Monday, September 5, 2011

Rules of Discovery – Part II – Narrow Neck of Land

In using Rene Descartes four rules of discovery, as outlined in the previous post, we can apply this to discovering the Narrow Neck of Land. As an example, we know and understand this portion of land separating the Land Northward from the Land Southward was narrow, so narrow, it could be crossed in a day-and-a-half by a normal person—a Nephite.

Why do we know this? Because Mormon tells us. And in accepting Mormon’s view and explanation as written, because we know it to be true, we satisfy the first rule of discovery—“Accept nothing as true which you do not clearly recognize to be so.”

In Descartes second rule of discovery, “Divide up each of the difficulties examined into as many parts as possible,” we need to divided, or list, all of the separate parts of Mormon’s description of the Narrow Neck of Land:

1. It is narrow (Webster: “Having little distance from side to side”)—a regular man could walk across it in a day and a half (Alma 22:32). How far could an average person cover in a day? First, It depends on how fast the person is walking, the road he is walking on, how much stamina the person has to maintain a walking gait, and a number of other factors. But since Mormon was using such a measurement tool to indicate to us how wide the narrow neck of land was, we might assume average factors.

Studies have shown that the average human walking speed is about 3.1 miles per hour or about 20 minutes per mile, taking an average stride length of 2.5 feet (30 inches), or about 10,000 steps in five miles. More specific studies have found pedestrian walking speeds ranging from 2.8 mph to 2.95 mph for older individuals, to 3.3 mph to 3.37 mph for younger individuals.

Statistically, a person walking for fifteen straight hours could cover as much as 30 to 40 miles, factoring in fitness and terrain, though a person would slowly decrease in speed as time passed. However, walking without breaks, eating, drinking, etc., would generally render an individual incapable of going further. Since ancient times, walking for twenty miles in a day is a good rule of thumb. Although a recent algorithm created by a computer “nerd” showed that 25 miles per day would be accurate.

Thus, the average person could probably cover a distance of about 30-37.5 miles in a day and a half covering comparatively level ground. This should suggest, that Mormon in describing a Nephite (basically a city/rural person) and not a Lamanite (a hunter/gather person), was describing an average man.

2. It is a neck (Webster: “A narrow track of land between two larger tracts”)—It lay north of Bountiful and south of Desolation (Alma 22:31-32)—that is, the narrow neck was located between the two major lands (Land Southward and the Land Northward).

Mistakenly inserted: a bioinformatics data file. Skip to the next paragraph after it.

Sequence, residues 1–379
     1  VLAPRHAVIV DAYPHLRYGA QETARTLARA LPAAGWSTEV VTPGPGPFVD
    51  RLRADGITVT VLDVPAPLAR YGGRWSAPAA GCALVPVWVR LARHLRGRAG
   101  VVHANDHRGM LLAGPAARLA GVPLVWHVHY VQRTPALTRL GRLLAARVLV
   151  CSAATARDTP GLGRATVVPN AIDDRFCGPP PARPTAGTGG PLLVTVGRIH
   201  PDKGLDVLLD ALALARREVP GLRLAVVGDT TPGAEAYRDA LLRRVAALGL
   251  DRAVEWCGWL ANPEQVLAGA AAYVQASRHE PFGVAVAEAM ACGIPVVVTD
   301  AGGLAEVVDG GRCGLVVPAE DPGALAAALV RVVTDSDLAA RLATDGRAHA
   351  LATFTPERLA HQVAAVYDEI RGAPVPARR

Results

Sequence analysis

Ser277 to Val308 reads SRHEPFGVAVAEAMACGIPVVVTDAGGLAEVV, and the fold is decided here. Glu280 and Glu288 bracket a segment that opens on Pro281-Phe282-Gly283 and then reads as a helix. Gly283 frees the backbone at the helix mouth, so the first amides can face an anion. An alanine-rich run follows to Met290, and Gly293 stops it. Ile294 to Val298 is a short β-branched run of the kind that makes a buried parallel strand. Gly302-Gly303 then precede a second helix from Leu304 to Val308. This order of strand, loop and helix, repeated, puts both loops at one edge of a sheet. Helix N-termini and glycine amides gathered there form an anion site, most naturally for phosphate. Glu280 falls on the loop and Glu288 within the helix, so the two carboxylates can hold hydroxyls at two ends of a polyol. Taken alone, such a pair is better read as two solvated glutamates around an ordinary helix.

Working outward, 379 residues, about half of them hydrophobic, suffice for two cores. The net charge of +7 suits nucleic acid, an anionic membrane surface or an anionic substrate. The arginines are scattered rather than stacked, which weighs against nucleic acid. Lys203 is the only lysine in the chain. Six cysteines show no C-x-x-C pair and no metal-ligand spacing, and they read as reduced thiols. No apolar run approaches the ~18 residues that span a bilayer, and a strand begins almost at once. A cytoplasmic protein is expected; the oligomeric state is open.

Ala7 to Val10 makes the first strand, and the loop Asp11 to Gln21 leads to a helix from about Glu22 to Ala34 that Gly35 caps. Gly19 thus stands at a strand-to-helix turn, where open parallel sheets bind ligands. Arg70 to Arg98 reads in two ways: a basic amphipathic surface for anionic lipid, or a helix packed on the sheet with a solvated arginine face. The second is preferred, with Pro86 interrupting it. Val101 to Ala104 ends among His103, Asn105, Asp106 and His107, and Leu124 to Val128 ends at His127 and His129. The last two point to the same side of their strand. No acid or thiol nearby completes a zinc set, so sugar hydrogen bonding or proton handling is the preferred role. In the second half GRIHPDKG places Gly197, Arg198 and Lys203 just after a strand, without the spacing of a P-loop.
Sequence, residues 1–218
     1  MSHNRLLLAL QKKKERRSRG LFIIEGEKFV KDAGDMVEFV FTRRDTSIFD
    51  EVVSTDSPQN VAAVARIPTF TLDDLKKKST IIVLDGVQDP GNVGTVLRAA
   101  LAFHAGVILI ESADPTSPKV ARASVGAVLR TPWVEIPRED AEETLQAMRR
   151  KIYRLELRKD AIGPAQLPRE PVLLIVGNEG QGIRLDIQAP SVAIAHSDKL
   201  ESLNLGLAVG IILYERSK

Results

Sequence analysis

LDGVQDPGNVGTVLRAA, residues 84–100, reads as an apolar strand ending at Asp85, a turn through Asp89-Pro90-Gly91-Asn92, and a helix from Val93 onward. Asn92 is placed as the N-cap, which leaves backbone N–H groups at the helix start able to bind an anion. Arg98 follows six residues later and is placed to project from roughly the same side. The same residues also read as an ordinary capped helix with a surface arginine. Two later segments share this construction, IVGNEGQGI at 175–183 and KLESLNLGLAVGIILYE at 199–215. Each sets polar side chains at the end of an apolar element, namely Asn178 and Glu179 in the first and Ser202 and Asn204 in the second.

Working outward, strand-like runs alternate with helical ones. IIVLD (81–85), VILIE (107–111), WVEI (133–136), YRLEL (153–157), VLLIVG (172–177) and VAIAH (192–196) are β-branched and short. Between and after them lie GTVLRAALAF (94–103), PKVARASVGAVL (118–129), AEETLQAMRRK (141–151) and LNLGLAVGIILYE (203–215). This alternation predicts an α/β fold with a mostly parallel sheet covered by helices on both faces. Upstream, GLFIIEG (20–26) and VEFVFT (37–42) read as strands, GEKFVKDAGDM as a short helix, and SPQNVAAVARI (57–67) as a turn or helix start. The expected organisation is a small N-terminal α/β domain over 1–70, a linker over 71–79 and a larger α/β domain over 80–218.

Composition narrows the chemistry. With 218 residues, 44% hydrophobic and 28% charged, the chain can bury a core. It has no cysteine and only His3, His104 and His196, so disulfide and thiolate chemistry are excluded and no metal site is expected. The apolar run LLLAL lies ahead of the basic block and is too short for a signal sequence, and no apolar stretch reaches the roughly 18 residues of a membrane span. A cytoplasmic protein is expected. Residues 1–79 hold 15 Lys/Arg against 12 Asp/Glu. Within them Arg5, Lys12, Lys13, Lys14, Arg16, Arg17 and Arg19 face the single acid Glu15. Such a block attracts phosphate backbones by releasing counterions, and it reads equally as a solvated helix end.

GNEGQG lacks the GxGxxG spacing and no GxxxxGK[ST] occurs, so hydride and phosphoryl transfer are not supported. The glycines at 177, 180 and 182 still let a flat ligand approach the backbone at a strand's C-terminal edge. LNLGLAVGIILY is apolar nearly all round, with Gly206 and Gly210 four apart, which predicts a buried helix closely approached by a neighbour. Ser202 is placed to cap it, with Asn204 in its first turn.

3. It is an area of land (Webster: “The ground”). It was a solid area between to seas, separating the two major land masses.

4. It has a sea on both sides (Webster: “The ocean; a branch of the ocean”)—It had the West Sea on one side (Alma 63:5), and the East Sea on the other side (Alma 50:34)

5. It was a means of travel between the two major land masses (Alma 50:34; Mormon 2:29)

6. It was narrow enough to be defended and the only means of travel between the two land masses (Alma 22:33; Mormon 2:29)

Using Descartes Rules of Discovery, we find that the Narrow Neck of Land described by Mormon, ran north and south, was about 30-40 miles wide, had a narrow pass or passage through it, separated two larger land masses, had seas on both sides, could be easily defended, and was the only ingress or egress between the Land Southward and the Land Northward.

Thus we can conclude that there is no topography now or in the past that matches Mormon’s description of a narrow neck in either the Great Lakes (Eastern U.S./ heartland) or Mesoamerica.

But one can be found in the area of the Bay of Guayaquil bordering Ecuador and Peru in the Andean area of South America as clearly outlined in the book “Lehi Never Saw Mesoamerica.”

And, certainly, John Sorenson’s introduction of marathon runners, special Indian runners, and other athletic anomalies not only is inconsistent with Mormon’s description and intent, but violates Descartes Rules of Discovery by introducing the complex over the simple, and adds nothing to the investigation into the location of the Land of Promise.

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